## Discussion

Our results indicate that a majority of cells in the PMLS cortex respond to optic flow patterns, and that those exhibiting a direction preference respond preferentially to stimulus expansion (a condition that mimics the displacement of the visual scene during locomotion towards a target). More importantly perhaps is that our findings suggest that there may be a functional dichotomy within PMLS cortex on the basis of the response properties of centrally and peripherally located RFs. Central RFs could be driven by optic flow fields originating from the area centralis or within the RF and were, in general, poorly sensitive to specific optic flow cues. On the other hand, the majority of cells with peripherally located RFs only responded to a specific direction of motion when the origin of the flow field was placed at the area centralis and were more sensitive to cues such as size increment and element acceleration.

These findings are in agreement with the notion that PMLS cortex would be involved in the analysis of optic flow. Other groups have indeed found a bias for the radial-outward direction in cat area LS (Kim et al., 1997) and comparable findings were described in primate area MST (Tanaka and Saito, 1989; Lagae et al., 1994). This preference for stimulus expansion is also concordant with the original observations made by Hamada (Hamada, 1987) and Rauschecker et al. (Rauschecker et al., 1987) that there is a centrifugal organization of direction preferences in the anterior region of PMLS cortex (Sherk et al., 1995). Accordingly, we found that most expansion-selective cells having centrally located RFs with preferred directions away from the area centralis. Such a relationship was also present, but to a lesser extent, for cells with peripherally located RFs. In fact, a number of these neurons had a preferred direction defined by translating gratings perpendicular to that for the elements of the optic flow pattern (see example in Fig. 5C). Therefore these cells seem to extract the direction of the flow field from mechanisms other than a simple match between the RFs flow field and preferred axial vectors. One may propose the existence of sub-units within the RF that would not be tuned for the same direction of motion or that would be more sensitive to the oriented axes that characterize grating stimuli. Additional investigations are needed to test whether the sensitivity to moving stimuli varies across the RF.

The present study also reported that few PMLS cells were sensitive to rotating gratings. Only 24% of cells responded to these stimuli, and only half of these (10% of the whole population) were selective to a given direction of motion. This result differs somewhat from that reported in primates, where up to 20% of neurons in area MST were found to be direction selective for this type of motion (Lagae et al., 1994). The fact that PMLS cells preferentially code radial rather than rotating motion might be related to the locomotion behavior of domestic cats versus that of monkeys when placed in a natural environment. Monkeys may frequently leap between tree branches (Lagae et al., 1994) and young primates may get exposed to different flow fields early in life since the mother carries them. The primate visual brain may therefore be more likely to code for the rotation of the visual field, that could arise from changes in head axis during locomotion, than that of cats.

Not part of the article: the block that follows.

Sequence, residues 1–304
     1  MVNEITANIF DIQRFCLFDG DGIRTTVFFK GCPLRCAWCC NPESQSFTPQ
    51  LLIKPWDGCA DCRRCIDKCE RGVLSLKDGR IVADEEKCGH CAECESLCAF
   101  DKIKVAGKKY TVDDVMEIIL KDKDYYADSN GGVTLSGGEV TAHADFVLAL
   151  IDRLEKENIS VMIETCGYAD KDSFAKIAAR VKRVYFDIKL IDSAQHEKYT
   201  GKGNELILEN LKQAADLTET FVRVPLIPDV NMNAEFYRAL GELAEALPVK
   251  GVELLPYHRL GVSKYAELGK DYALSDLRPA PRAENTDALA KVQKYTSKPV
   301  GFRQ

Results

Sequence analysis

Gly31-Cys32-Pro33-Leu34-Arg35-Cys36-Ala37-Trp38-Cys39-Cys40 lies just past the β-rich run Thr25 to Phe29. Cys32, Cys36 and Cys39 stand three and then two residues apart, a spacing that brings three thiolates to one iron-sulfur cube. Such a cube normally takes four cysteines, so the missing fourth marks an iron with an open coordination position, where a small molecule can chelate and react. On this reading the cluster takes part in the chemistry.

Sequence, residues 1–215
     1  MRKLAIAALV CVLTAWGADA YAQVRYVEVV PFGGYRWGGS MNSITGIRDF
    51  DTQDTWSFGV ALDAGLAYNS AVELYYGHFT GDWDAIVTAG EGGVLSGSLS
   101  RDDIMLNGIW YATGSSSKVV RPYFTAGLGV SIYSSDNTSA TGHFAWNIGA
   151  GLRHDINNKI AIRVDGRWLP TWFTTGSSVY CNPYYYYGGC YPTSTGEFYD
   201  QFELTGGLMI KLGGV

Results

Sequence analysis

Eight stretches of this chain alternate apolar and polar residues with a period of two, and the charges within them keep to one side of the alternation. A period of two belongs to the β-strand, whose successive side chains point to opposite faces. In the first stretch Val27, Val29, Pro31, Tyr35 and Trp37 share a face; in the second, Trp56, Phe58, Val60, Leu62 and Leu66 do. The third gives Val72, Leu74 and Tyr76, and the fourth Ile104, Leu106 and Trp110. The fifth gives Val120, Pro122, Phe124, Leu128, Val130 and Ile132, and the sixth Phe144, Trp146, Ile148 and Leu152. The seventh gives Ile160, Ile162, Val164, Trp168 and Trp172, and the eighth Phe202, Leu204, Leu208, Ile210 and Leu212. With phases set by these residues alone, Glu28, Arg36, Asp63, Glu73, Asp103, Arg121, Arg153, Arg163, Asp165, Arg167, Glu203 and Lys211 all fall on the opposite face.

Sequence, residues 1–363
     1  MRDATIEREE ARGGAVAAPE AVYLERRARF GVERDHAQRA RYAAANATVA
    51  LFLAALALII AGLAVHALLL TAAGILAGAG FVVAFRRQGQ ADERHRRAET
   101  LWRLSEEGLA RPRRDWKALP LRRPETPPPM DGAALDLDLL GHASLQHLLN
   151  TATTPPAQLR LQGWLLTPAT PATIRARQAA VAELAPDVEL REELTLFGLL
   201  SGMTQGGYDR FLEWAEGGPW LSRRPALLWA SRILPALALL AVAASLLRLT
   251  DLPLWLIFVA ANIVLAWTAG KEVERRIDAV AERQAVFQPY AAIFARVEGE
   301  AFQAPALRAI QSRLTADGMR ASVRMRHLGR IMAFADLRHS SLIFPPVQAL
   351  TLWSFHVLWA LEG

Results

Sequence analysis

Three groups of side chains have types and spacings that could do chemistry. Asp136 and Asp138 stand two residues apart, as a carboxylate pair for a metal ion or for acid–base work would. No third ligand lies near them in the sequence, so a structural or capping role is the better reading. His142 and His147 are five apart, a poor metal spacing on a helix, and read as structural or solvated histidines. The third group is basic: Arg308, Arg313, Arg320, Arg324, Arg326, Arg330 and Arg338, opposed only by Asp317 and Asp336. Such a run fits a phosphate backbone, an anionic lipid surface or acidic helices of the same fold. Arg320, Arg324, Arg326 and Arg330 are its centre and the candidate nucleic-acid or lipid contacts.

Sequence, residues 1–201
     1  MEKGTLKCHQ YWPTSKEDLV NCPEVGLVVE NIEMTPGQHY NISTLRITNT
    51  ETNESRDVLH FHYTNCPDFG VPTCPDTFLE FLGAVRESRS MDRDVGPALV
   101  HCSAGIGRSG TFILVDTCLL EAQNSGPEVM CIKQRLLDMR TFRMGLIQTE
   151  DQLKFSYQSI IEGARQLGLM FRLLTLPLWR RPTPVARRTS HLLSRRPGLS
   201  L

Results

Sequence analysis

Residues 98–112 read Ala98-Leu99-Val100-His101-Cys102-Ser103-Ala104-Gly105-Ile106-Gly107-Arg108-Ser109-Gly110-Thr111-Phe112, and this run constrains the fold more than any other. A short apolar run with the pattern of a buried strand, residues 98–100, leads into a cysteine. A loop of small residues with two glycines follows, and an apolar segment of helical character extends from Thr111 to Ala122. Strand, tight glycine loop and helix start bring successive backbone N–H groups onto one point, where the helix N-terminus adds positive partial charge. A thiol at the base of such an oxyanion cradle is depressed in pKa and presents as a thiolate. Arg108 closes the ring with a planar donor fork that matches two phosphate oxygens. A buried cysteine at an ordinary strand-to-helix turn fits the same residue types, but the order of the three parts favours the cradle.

We generally found that neuronal responses and direction selectivity to optic flow stimuli of centrally located RFs was comparable when the pattern was restricted to the RF or covered a large portion of the visual field (see Fig. 7). This result was first surprising because, according to von Grünau and Frost, PMLS neurons exhibit a double-opponent process mechanism underlying their RF structure (von Grünau and Frost, 1983). In the present study, the nature of the dot pattern was such that the RF and its surrounding area were simultaneously stimulated by elements moving in non-corresponding directions. As a consequence, the surround inhibitory mechanisms, if direction selective [as suggested previously (von Grünau and Frost, 1983); see also Merabet et al. (Merabet et al., 2000)], would not have been fully expressed, yielding comparable responses whether the optic flow display covered most of the visual field or only the RF. Moreover, the fact that neuronal discharges were not reduced in the presence of large optic flow fields extending beyond the RF is in accord with the real situation observed during locomotion, which is characterized by the expansion of the whole visual field.

### Influence of Optic Flow Cues

For centrally located RFs, the removal of size and speed gradients did not strongly affect the response strength nor the direction selectivity of most PMLS cells. In agreement with our findings, Mulligan et al. (Mulligan et al., 1997) have shown that LS cells having centrally located RFs could not distinguish between a single bar moving either at a constant velocity or with acceleration. Comparable findings were reported in the macaque's area MST (Tanaka et al., 1989; Orban et al., 1995). In addition, LS cells were not sensitive to size gradients because their responses were similar whether the single bar was expanding or had a constant size (Mulligan et al., 1997). The inability of centrally located RFs to code for gradient cues may be related to their relatively small surface. The change in size or velocity occurring within the RF would be too small to be meaningful for these units. However, some of our data does not support this assumption since large RFs (up to 1120 degree2) mapped within 40° of eccentricity were not sensitive to optic flow cues.